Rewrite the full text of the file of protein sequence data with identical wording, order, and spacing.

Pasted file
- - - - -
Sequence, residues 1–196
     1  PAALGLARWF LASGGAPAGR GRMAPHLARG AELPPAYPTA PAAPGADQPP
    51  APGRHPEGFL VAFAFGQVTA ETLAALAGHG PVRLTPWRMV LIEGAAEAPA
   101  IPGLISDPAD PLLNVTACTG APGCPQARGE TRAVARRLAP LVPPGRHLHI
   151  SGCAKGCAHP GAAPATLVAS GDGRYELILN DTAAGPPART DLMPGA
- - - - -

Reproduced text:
Sequence, residues 1–196
     1  PAALGLARWF LASGGAPAGR GRMAPHLARG AELPPAYPTA PAAPGADQPP
    51  APGRHPEGFL VAFAFGQVTA ETLAALAGHG PVRLTPWRMV LIEGAAEAPA
   101  IPGLISDPAD PLLNVTACTG APGCPQARGE TRAVARRLAP LVPPGRHLHI
   151  SGCAKGCAHP GAAPATLVAS GDGRYELILN DTAAGPPART DLMPGA